Ciana Mercer thrust open the front door of the beautiful bungalow, set far back from the main house on her Bellmeade property, and moved aside. “Come on in, Kenzie!”
Kenzie Caine, still reeling from the stress of her sophomore-year final exams back at Vanderbilt University, stepped in to see gleaming dark hardwood floors, colorful area rugs, cream-colored walls, and what looked like brand-new furniture. “It’s beautiful! I never expected something like this. Maybe a small room, or a spot in your bunkhouse, but never an entire house!”
“The bunkhouse?” Ciana laughed. “That’s where we put the men we hire for summer work, not proper accommodations for you, Kenzie. I’ve already revved up the AC and evicted the dust bunnies, so let me show you around.” Ciana guided her through two bedrooms, two bathrooms, and a small but well-equipped kitchen, while opening blinds to allow late-morning sunlight to flood each room on the tour. Kenzie followed, a bundle of nerves about facing the summer months ahead of her.
This was really happening. She would be in charge of bringing three Tennessee walking horses to good health before summer’s end and putting them up for adoption. Her first solo job. “I can’t wait to get busy.” She was nervous, and hoped it didn’t show.
“Glad you’re here, but I’m surprised. I assumed you’d go home for a few days before starting.”
Home. The very word tasted bitter to Kenzie. She’d officially completed her sophomore year that morning, packed her SUV, and driven the fifty miles to Bellmeade to avoid going home. The sunny memories of her childhood on her family’s horse farm in the rolling hills of Nashville were now smeared like mud across her mind.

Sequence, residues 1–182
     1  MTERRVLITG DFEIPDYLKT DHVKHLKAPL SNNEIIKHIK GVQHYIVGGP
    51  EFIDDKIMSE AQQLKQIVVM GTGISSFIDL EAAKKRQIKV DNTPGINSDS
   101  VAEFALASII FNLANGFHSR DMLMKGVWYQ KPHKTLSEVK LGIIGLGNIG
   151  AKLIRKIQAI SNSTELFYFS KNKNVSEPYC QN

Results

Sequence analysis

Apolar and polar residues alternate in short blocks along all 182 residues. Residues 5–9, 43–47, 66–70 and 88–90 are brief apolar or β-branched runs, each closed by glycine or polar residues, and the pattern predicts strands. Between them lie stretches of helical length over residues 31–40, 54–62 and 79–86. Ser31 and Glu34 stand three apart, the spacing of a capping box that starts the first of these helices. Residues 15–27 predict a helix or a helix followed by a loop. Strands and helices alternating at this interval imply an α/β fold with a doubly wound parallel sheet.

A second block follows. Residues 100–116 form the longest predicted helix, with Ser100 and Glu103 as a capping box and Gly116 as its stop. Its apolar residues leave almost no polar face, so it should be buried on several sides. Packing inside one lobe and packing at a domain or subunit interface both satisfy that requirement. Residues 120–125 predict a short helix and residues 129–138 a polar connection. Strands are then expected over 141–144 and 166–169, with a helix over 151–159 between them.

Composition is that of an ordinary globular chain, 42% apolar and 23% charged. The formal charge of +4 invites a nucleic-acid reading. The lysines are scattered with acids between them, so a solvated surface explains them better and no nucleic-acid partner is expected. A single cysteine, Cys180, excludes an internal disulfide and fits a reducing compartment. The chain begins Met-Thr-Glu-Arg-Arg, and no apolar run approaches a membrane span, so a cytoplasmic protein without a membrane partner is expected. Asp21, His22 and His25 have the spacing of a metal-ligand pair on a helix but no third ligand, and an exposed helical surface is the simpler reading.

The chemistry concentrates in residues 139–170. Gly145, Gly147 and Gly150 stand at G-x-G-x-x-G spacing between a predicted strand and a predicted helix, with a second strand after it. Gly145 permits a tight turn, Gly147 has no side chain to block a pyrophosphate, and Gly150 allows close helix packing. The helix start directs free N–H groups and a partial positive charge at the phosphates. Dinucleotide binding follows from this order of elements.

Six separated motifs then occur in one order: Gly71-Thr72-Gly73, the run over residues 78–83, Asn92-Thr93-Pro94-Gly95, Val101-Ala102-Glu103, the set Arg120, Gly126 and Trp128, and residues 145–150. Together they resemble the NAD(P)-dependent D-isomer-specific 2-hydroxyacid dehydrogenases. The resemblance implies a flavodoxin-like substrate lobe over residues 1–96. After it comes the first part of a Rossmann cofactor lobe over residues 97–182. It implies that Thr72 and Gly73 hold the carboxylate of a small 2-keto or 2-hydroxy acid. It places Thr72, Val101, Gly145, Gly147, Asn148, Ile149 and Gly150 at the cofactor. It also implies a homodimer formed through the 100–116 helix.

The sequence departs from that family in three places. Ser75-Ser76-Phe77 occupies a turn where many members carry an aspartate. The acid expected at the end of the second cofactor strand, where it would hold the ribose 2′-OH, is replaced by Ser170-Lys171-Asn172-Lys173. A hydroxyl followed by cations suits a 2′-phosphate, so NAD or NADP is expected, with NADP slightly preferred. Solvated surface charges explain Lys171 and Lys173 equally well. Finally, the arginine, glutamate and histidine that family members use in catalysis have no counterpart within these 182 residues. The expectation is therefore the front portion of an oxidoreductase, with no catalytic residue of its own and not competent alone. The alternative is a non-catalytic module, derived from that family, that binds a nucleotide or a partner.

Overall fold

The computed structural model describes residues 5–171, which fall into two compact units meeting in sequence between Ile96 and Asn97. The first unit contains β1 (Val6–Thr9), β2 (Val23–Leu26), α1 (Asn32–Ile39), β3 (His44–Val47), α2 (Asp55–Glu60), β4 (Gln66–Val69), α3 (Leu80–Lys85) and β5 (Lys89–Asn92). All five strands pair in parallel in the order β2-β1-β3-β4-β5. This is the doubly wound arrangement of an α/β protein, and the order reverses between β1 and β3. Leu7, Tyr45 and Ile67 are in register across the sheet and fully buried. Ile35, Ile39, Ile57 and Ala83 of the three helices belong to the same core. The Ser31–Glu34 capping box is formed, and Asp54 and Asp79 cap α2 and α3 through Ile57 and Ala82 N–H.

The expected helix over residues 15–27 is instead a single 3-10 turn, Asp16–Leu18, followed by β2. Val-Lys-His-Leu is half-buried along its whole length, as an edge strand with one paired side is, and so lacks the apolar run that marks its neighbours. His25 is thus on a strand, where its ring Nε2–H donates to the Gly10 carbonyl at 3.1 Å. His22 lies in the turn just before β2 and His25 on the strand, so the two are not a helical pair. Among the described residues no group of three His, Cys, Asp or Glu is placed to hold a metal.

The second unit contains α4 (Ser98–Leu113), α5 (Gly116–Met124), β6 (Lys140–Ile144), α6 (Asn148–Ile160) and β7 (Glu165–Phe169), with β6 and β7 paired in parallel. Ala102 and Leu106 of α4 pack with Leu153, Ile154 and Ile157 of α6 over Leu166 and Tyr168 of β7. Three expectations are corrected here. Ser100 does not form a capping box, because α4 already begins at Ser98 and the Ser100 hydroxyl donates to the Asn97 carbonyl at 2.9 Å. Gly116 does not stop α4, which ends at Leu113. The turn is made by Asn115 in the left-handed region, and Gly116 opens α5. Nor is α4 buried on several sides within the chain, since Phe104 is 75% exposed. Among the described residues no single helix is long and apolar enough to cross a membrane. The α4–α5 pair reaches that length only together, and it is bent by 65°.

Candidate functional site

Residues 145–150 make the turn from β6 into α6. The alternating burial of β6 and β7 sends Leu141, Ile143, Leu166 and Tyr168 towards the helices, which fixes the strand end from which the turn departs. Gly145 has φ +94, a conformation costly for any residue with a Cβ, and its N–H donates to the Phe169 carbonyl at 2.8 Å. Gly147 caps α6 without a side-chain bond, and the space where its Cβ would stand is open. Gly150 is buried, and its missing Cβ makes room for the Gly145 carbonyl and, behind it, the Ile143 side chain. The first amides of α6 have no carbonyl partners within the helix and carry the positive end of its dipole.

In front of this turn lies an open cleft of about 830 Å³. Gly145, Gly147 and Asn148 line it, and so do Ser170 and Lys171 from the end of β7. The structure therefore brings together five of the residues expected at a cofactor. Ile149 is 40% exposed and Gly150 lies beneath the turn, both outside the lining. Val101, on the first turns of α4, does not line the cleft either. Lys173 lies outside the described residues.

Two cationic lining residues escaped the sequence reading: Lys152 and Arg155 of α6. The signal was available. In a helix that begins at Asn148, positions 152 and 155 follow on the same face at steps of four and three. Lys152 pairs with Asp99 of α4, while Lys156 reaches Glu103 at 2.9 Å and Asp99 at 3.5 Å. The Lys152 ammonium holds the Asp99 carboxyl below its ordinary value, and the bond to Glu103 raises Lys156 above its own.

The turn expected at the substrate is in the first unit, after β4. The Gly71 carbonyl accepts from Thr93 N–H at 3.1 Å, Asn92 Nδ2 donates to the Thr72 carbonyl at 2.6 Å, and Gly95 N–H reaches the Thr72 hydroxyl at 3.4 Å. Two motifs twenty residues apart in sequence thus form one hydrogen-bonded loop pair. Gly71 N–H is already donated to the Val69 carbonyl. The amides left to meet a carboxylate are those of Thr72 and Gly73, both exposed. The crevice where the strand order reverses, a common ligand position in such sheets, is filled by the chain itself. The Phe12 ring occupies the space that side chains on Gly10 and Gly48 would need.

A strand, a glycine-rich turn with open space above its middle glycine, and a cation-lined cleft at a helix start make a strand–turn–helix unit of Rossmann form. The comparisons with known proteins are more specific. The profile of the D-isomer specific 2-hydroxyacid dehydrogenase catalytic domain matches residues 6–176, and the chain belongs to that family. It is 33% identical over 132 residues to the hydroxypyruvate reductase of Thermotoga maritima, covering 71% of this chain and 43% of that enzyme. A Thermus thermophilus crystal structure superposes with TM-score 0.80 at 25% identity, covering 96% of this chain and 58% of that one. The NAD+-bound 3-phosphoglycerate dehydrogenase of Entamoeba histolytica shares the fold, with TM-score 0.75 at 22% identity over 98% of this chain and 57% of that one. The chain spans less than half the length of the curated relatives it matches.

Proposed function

In the kitchen, Ciana tapped the refrigerator door. “You’ll need to go grocery shopping, but I made a pitcher of lemonade for you. My grandmother’s recipe--delicious.”
After a year of cafeteria food at Vanderbilt, a batch of homemade lemonade made her mouth water. “You make me feel very welcome, Mrs. Mercer.”
“Please, none of that! I’m just Ciana.”
Kenzie thought Ciana Beauchamp Mercer, with her cinnamon-colored eyes and hair, was beautiful. Her family name was legend in Windemere, and her friendly, welcoming smile helped ease Kenzie’s jitters. “Got it . . . Ciana it is.”
Ciana walked to a set of sliding glass doors, pushed aside vertical blinds, and opened a slider. “Oh, and here’s the back porch.” They stepped into a screened‑in room with an arrangement of wicker lounge furniture. “Beyond the patio is a pathway. Just follow the flagstones to those woods and pick up the footpath. It’ll lead you straight to the stable where you’ll be working.” As she talked, Ciana pointed across an expanse of green manicured lawn toward a tree line. “Next to the stable is the pasture for your horses. You have three. They came in last week. We’ll walk over in a minute for a look-see.”
“Why waste time lounging around? I want to get started.”
“Rescue horse work isn’t the typical summer job, you know. Your helper won’t be here until Friday, but until he shows, I’ll be working with you.”